Analysts believe rising cinema attendance and promising movie lineups should boost Regal, Carmike, and Cinemark. More 3D screens would help
Who goes to the movies in April? A lot of people. And that has analysts and investors excited about the prospects for such movie theater owners as Regal Entertainment (RGC), Carmike Cinemas (CKEC), and Cinemark Holdings (CNK).
Led by a pack of modest hits like Hannah Montana: The Movie, starring teen sensation Miley Cyrus, and Fast and Furious, starring Vin Diesel, the past two weekends have shattered box office records for April. So far, total 2009 receipts are way up from last year as credit-crunched consumers have looked to leave their troubles behind and escape at the movies.
"People have assumed for years that home theater and DVDs were killing off the business," says money manager Steve Birenberg, president of Northlake Capital Management and the media sector blogger for market research firm SNL Kagan. "Now we're seeing that's not true and it's much more stable and sustainable than investors thought."
Over the recent Easter weekend, the top 12 films brought in $130 million, up 61% from the same weekend last year. The previous weekend, which took in $148 million, was the biggest draw ever in April. And that comes after first-quarter receipts rose by 10% to 15% from the same period a year ago.
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Almost half of that box office revenue goes right into the coffers of theater operators—not to mention the benefits of increased sales of popcorn, soda, and other ultra-high-margin items at concession stands. "These are really strong numbers, especially when you don't see a real blockbuster in there," says James Marsh, a Piper Jaffray analyst who follows the companies.
Regal's stock price has already gained 42% in the past three months over growing excitement about the first quarter's box office boom. But at about 14 a share, Regal has only retraced the stock's prior three-month drop. Money manager Birenberg sees further upside because the revenue increase will fuel an even larger jump in earnings per share. Much of the company's expenses are fixed costs—owning and operating thousands of cineplexes around the country. When more people buy movie tickets, revenue growth far exceeds growth in expenses. And the same is true for shares of Carmike, up 30% over the past three months, and Cinemark, up 25%, Birenberg says.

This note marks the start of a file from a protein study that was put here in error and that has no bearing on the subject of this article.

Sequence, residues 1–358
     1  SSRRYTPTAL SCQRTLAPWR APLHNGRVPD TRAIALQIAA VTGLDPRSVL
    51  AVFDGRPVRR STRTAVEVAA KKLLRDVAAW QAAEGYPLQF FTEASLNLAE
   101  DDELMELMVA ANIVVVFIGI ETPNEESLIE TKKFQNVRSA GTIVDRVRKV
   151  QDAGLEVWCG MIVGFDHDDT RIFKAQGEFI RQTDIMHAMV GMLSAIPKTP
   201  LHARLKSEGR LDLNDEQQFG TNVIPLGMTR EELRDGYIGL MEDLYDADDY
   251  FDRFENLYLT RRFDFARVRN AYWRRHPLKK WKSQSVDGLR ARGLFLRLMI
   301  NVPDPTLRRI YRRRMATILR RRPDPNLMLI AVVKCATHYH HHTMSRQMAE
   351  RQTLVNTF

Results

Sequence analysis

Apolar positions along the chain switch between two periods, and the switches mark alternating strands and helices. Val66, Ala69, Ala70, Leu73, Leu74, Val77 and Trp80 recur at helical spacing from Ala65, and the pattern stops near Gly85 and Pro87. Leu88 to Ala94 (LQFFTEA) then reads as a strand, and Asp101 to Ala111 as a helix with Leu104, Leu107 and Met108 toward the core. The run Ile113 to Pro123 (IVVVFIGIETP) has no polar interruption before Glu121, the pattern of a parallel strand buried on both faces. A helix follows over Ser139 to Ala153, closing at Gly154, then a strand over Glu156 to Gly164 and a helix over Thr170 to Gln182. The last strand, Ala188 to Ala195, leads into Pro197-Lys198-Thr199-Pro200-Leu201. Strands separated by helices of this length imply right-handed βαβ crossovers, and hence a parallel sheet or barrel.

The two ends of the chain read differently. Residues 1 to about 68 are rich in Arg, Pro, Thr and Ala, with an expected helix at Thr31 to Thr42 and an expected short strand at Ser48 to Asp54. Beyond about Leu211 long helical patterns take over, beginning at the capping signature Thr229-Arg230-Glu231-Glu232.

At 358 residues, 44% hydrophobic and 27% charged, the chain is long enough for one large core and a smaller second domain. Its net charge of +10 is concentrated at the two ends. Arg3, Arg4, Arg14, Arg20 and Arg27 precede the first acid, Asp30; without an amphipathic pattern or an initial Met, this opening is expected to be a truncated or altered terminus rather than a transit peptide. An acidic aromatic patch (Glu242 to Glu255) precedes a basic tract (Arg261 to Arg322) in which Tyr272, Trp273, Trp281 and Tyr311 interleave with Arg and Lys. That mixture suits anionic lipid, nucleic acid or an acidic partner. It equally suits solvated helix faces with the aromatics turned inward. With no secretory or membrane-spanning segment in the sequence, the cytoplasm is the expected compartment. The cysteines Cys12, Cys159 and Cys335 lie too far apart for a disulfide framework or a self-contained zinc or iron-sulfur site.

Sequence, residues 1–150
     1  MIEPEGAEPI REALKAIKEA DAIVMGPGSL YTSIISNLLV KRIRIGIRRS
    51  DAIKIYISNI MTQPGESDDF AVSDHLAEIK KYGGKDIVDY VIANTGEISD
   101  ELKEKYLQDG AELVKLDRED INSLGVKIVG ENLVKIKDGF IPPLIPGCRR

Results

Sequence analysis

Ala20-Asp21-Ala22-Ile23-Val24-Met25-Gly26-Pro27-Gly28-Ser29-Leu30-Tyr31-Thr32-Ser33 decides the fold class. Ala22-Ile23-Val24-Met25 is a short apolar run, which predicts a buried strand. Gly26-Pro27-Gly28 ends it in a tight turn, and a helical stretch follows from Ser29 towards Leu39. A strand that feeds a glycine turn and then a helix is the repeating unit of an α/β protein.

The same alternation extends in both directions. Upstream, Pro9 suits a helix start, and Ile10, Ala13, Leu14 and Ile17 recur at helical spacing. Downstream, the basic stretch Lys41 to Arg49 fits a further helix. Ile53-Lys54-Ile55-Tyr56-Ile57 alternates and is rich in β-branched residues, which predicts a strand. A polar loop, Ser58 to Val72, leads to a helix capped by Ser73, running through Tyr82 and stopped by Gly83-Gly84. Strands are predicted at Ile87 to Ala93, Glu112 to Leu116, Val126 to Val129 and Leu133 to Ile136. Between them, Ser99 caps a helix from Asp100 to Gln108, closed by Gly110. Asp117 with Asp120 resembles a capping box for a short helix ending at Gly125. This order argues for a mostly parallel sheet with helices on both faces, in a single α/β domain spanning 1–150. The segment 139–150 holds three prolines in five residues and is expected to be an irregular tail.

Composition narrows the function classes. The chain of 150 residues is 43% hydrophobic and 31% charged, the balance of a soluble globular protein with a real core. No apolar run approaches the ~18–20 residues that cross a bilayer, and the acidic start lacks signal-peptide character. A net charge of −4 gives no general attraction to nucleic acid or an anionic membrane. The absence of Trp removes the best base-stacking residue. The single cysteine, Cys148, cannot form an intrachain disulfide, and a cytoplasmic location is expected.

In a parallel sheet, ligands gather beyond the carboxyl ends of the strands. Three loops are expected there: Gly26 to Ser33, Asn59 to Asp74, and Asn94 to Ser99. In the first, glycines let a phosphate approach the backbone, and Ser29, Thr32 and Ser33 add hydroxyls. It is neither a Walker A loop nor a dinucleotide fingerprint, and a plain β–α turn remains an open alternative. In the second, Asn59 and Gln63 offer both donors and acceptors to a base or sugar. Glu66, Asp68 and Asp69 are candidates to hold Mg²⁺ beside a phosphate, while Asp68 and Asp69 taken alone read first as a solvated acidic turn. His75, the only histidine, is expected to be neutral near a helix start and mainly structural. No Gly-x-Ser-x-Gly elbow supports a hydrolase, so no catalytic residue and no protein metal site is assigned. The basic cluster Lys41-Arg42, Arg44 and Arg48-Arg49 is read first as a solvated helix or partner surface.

The summer months, typically the biggest box office season of the year, also look promising. That's despite a tough comparison because of last summer's Batman blockbuster, The Dark Knight, which grossed over $500 million in the U.S., including a $155 million opening weekend. The summer of 2009 may not have as big a megahit, but upcoming releases in such popular franchises as Harry Potter, Transformers, Star Trek, and X-men should do the trick for theater operators, Marsh says.
Investors looking for additional beneficiaries of the attendance boom may consider buying shares of such big Hollywood studios as Time Warner (TWX) or Disney (DIS). But while domestic U.S. receipts are up, some overseas markets are down—and DVD sales are plummeting worldwide. Factor in that most of the movie studios are owned by media conglomerates with many other businesses and the stock play doesn't look so appealing.
Monsters vs. Aliens' 3D boost
UBS analyst Michael Morris reexamined his sell opinion on Dreamworks Animation SKG (DWA), one of the only "pure play" studio stocks. After three seemingly bonanza weekends of grosses for the studio's Monsters vs. Aliens release, the stock, at about 19, remains overvalued, he concluded. "Current profit expectations exceed the company's true potential given its very high per-film cost structure," Morris wrote in an Apr. 14 report.
In part, that's because the movie's $141 million of box office receipts were inflated by 3D showings. Theater owners charge a $3 premium for 3D tickets. This complicates the task of projecting final foreign box office receipts and DVD sales. Far fewer 3D venues exist outside of the United States and TV won't offer a 3D experience, warns Morris. "Enthusiasm for 3D is unlikely to translate into higher sales of these other products," he wrote.
Theater owners could get an even bigger boost if they increase the number of 3D showings. But the ongoing credit crunch has delayed funding for a planned nationwide upgrade. Regal, privately-owned AMC, and Cinemark banded together in 2007 to raise funds to install 3D-capable digital projection systems. The group, known as Digital Cinema Implementation Partners, planned to issue $1 billion of bonds backed by upgrade subsidy payments from the major movie studios. So far, the credit markets have demurred.
In March, Regal Chief Financial Officer Amy Miles said that she was "cautiously optimistic" that the three-company group would soon be able to raise about $700 million. Speaking at an investor conference in New York sponsored by Mario Gabelli's firm, Miles and Regal Chairman and CEO Michael Campbell said 3D movie showings were grossing about three times as much revenue as 2D showings in the same complexes.
The industry could reap a windfall if it can dramatically increase the 2,300 or so 3D-capable screens currently in the U.S. before director James Cameron's Avatar hits theaters in December. "The rush is on to get ready for Avatar," says Piper Jaffray analyst Marsh. "The financing needs to happen and we think it can before midyear."